THE YEAR WAS 2081, and everybody was finally equal. They weren’t only equal before God and the law. They were equal every which way. Nobody was smarter than anybody else. Nobody was better looking than anybody else. Nobody was stronger or quicker than anybody else. All this equality was due to the 211th, 212th, and 213th Amendments to the Constitution, and to the unceasing vigilance of agents of the United States Handicapper General.
Some things about living still weren’t quite right, though. April for instance, still drove people crazy by not being springtime. And it was in that clammy month that the H-G men took George and Hazel Bergeron’s fourteen-year-old son, Harrison, away.
It was tragic, all right, but George and Hazel couldn’t think about it very hard. Hazel had a perfectly average intelligence, which meant she couldn’t think about anything except in short bursts. And George, while his intelligence was way above normal, had a little mental handicap radio in his ear. He was required by law to wear it at all times. It was tuned to a government transmitter. Every twenty seconds or so, the transmitter would send out some sharp noise to keep people like George from taking unfair advantage of their brains. [Vonnegut]
Kant argues that we create the world we are going to have to live in, so we had better think about the universality of our actions. Clearly, when he wrote that, he was trying to establish “The Golden Rule” on a solid basis – and I think it’s one of the noblest attempts to cross the is/ought chasm that any philosopher has ever made. So, if we listen to Kant and try to weigh the universality of our actions, it seems obvious that one should not increase unfairness toward another, because you create an increasingly unfair world and eventually you will also come in for your own share of unfairness. Likewise, if you support a political party that has consistently favored racial unfairness, unfairness toward LGBTQ, income inequality and unfairness toward women: you oughtn’t be shocked (as Jenner was) when they turn on you and throw you casually beneath the wheels of the bus. Jenner then shows an utter lack of philosophy by accepting Trump’s acknowledgement that she’s still in the rich white people’s celebrity club, and it’s OK. After all, rich white celebrities can tell a president “call me” without everyone simply laughing at them. What Jenner doesn’t appear to realize is that Mark Zuckerberg, Peter Thiel  or Jeff Bezos  will always, always, always, be in line ahead of her. And, because that’s the kind of world she chose to support, through her support for that political party, that’s the way it’s going to be.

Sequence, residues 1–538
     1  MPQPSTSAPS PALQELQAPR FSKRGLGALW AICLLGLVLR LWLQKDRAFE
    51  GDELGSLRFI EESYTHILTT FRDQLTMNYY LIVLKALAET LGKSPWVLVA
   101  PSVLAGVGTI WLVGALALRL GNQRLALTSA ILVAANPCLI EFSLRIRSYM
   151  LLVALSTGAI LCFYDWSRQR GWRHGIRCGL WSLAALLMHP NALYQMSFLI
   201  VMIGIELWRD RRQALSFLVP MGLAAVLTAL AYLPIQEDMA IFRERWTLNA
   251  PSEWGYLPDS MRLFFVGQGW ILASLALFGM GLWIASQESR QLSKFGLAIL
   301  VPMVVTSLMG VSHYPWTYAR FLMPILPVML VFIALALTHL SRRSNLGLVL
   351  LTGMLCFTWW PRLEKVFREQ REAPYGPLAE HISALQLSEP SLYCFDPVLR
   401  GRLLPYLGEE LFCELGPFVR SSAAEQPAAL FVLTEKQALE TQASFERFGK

I wonder if we’ve heard the last of this affair; if Jenner is going to be mollified by knowing that she can use the bathrooms in Trump Tower. I suspect that’s how it’s going to play itself out, because someone who thinks about this wouldn’t be a republican at all, wouldn’t have reached out to Trump with the “just between us oligarchs” appeal, and would never have made the mistake of thinking that the politicians she supported gave a flicker of thought for her, or anyone else.
Here, I will ask you to reflect for a moment and consider whether you wish you had Donald Trump’s life, or not. It’s doubtless a life of misery: a thin veneer of self-satisfaction over a deep undercurrent of bad taste, insecurity, and the awareness that you’re still the kid who got pushed around on the playground and you’ll never be as popular as you want to be. If you could have Donald Trump’s life, you wouldn’t be able to lead it any differently than he did, because you’d be Donald Trump, and you’d lead that life Trumpstyle: you would be unable to spend that money doing something interesting or worthwhile; your idea of ‘worthwhile’ would be patting yourself on your shoulder for being able to hire workers to put a new layer of gilt over a shockingly crass display of nouveau richesse. You’d be rich, of course, but you’d be a rich piece of shit, writhing in your own insecurity and narcissism. I would rather die.
The Golden Rule is not about covering every possible surface of your surroundings with gold leaf. And Wikipedia [wik] gets it profoundly wrong in combination with Google search, returning:
The “Golden Rule” has been attributed to Jesus of Nazareth, who used it to summarize the Torah: “Do to others what you want them to do to you. This is the meaning of the law of Moses and the teaching of the prophets” (Matthew 7:12 NCV, see also Luke 6:31).
The article itself points out that there were many other philosophers who formulated that dictum hundreds of years before jesus allegedly did.
Speaking of Harrison Bergeron: